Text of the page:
Jun 112018
 

#519

Ever since Yoshiharu Takeuchi began his one-man Japanese rum-making outfit called Nine Leaves, I’ve kept a weather eye on his work, and think his two-year-old rums and the Encrypted – both the original and the one issued for Velier’s 70th Anniversary in 2017 – have been remarkably good rums for juice under five (and in some cases under one) years old.

Arguably the aspects of Mr. Takeuchi’s work that have brought him to the attention of a greater audience in the Americas — though he’s been well known, and moving around, in the European festival circuit since 2014 — is the release of the Encrypted as noted above, and his current attendance at the Miami Rum Renaissance in 2018…from where Juan Marcos Chavez Paz, a correspondent of mine and a member of the Consumers Jury for the last couple of years, sent me a note yesterday expressing his amazed admiration for the quality of what Nine Leaves does with such short ageing periods.

Aside from the occasional two-year-old, Nine Leaves’ bread and butter is the regular outturns of rums which he puts to rest for a mere six months before bottling, in either American oak or Limousin casks. He calls them “Angel’s Half”, which I think is a understated and humorous play on the strength, the ageing and the pilferage of the angels. What this brief stint in the barrels accomplishes is to preserve much of the unaged fire of a white spirit, while also getting the benefit of what Martin Cate would call “light ageing.”  However, since these are coming out twice a year, it’s a tough task to try and get them all…the distillery opened in 2013 and while it may not seem to be a problem to get a “mere” twenty or so expressions, trust me, it is.

The rum under discussion today is the light yellow Nine Leaves ‘Angel’s Half’ (American oak aged) pot still rum issued in 2016 – not messed around with, bottled at a robust, throat-clearing 50% and as with all the rums from the company I’ve tried so far, it’s a solid, tasty piece of work for something aged less than a year.

And that’s the part at which I kind of marvel.  I honestly don’t know how he stuffs as much into these rums as he does.  The nose, for example, gave an initial sensation of a wet stone and minerals (!!), salt, sweet peas (I’m not making this up, honest), before relaxing with the weird stuff and presenting something a tad more traditional – sherry, brine, an olive or two, watermelon, pears and a light kind of sweetness that’s quite pleasing.  And quite assertive, but without actually crossing over into rough.

The palate was deceptive, because although the dominating flavour at first sip was swank and a freshly sliced watery pear, it evolved subtly over time, in spite of what appeared to be a certain light delicacy behind which reticent flavours hid and never wanted to emerge. Wait a while and take your time, as I did – since, once it opened up, crisp, solid tastes were to be found. Brine, olives, gherkins, cucumbers to start, mellowing out into light fruits, a bit of lemon zest, nutmeg (very faint), guavas and just a suggestion of creaminess I could not nail down more precisely.  Surprisingly, the finish was rather short for something bottled at 50%, and was quite dry, somewhat less than nose and palate suggested could be found. Some watery fruits, a bit of brine, the sweet line of citrus and spice, and that was that.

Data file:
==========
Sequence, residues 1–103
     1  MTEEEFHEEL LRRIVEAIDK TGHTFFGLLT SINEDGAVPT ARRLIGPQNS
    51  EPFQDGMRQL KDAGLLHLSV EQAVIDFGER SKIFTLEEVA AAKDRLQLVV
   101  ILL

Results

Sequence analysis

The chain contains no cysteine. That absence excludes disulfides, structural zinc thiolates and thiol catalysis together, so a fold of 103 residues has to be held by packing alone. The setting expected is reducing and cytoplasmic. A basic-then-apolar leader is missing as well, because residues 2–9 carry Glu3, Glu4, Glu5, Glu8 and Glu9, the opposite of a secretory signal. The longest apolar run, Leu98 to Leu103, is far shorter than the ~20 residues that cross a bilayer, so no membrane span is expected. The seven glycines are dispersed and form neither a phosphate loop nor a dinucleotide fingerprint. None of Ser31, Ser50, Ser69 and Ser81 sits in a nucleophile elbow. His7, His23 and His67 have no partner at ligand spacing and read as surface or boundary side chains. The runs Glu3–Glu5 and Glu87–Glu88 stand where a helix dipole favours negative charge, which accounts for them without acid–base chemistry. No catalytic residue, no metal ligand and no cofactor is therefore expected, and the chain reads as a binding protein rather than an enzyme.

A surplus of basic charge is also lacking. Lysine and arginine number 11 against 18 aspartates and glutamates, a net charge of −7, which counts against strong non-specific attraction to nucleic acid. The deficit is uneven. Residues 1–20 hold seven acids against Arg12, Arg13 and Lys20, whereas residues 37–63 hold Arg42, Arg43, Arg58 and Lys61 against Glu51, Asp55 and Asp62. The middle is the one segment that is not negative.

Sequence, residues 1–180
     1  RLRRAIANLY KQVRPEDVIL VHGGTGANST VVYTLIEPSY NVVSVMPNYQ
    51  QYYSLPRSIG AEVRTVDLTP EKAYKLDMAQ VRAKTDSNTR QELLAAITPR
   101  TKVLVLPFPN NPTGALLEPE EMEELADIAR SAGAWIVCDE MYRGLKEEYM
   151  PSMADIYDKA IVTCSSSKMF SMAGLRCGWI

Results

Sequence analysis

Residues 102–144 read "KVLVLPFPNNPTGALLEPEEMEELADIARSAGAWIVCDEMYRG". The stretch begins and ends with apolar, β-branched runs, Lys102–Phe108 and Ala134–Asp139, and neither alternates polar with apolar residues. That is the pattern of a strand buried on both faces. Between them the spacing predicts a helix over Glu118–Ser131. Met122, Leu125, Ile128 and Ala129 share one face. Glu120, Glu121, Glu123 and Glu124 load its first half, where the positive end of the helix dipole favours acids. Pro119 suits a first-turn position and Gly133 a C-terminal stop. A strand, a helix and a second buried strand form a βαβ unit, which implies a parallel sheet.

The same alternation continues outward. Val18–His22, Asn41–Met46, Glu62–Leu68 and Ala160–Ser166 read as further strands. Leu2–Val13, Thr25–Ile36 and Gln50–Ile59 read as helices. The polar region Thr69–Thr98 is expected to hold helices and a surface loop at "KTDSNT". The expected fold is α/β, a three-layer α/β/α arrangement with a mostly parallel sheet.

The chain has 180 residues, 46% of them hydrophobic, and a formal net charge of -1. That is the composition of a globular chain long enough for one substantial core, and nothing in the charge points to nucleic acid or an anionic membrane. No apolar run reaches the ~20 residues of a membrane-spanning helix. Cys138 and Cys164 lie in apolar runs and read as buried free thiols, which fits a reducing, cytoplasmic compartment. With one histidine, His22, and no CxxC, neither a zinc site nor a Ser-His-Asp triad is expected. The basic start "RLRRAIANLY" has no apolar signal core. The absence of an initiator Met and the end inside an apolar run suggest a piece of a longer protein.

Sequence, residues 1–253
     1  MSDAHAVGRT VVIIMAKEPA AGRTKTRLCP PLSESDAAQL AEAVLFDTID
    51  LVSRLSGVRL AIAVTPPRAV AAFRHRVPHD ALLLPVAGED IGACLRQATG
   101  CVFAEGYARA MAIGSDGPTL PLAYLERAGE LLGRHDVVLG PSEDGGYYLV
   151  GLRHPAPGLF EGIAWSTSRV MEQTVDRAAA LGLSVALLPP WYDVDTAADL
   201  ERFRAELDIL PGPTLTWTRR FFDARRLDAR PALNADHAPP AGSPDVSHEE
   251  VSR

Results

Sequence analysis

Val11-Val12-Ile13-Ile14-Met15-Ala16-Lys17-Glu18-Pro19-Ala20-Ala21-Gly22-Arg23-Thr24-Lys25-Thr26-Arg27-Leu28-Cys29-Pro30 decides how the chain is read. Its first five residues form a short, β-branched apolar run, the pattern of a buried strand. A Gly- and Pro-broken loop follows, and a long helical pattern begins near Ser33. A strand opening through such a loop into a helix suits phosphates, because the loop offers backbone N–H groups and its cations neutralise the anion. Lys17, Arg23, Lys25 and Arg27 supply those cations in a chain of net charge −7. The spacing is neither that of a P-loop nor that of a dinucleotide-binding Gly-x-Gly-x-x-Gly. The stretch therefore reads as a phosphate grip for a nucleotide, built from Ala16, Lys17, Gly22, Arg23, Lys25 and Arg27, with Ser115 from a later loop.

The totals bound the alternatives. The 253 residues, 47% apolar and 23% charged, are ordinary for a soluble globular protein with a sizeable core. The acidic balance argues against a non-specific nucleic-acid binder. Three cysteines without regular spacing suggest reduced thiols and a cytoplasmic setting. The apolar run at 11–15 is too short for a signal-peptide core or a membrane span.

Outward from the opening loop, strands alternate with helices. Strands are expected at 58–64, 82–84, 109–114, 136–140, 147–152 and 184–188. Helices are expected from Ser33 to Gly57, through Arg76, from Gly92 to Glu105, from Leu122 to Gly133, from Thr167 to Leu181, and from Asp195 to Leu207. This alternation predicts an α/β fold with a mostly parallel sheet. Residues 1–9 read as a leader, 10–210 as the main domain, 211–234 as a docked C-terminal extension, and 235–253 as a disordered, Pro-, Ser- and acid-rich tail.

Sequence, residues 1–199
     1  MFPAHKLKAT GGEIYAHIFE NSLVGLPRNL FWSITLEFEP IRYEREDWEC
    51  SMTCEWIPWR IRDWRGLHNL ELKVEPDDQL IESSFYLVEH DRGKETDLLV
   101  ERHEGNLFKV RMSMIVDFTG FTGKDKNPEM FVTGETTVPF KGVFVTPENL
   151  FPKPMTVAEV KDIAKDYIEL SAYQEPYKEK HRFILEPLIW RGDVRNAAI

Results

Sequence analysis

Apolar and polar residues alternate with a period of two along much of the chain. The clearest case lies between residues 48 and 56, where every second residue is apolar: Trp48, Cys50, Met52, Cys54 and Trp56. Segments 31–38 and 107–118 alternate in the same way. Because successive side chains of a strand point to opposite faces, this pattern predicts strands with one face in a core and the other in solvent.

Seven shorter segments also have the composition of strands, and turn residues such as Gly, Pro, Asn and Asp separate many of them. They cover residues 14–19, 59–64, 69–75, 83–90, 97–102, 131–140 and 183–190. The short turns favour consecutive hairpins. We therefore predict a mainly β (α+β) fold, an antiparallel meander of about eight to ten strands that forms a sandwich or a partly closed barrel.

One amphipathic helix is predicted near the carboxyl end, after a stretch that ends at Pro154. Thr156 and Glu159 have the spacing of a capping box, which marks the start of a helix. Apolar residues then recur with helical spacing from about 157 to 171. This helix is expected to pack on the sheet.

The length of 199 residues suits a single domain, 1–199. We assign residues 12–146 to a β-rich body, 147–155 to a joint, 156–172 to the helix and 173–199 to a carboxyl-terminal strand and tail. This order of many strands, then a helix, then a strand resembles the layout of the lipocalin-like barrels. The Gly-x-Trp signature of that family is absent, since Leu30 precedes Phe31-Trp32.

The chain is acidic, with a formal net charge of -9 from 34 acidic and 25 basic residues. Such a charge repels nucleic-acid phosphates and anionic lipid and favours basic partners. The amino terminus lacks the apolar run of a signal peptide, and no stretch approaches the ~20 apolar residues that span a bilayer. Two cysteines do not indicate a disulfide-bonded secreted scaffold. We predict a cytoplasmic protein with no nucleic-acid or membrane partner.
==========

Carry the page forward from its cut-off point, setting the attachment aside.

Thinking about the rum as I jotted down my notes, I think the key to the experience is in understanding its rather unstudied and deliberate eschewing of off-the-wall complexity.  That’s not its intention, because there’s not that much going on here, no kaleidoscopic taste-attack to the senses as defined by some of the unaged white rums I’ve written about; in a way it’s a tamed version of those, with more than enough subtlety imparted by the time spent in the barrel to elevate it (now that I consider the matter, in a way it reminded me of the unaged Kōloa Kaua’i Hawaiian Rum I tried back in 2012).  In other words, it’s two steps above merely “simple”; it’s clear and crisp and has the notes it plays, and plays those exceedingly well. I quite enjoyed it.

Conversations like the one I had with Juan makes me glad I invest the time into doing company biographies that provide background for the aficionados, because it’s clear that the interest is there and it’s really just the rums that aren’t always available.  Fortunately Yoshi-san is not slowing down and keeps the quality of his juice very high (Velier would hardly have asked him to contribute to the 70th Anniversary collection otherwise). The chance that one day boredom will set in and I stop trying Nine Leaves’ “sincerely made rums” is small indeed, especially when there’s a range of young stuff like this to be savoured. Here’s a company that will hopefully gain even greater recognition, acclaim and plaudits in the years to come than those they have already earned.

(83.5)


Other notes

  • Unsure whether this one is the Spring or Autumn release, since the label doesn’t mention it. Since I tried it in October, I’m going to suggest it’s Spring.

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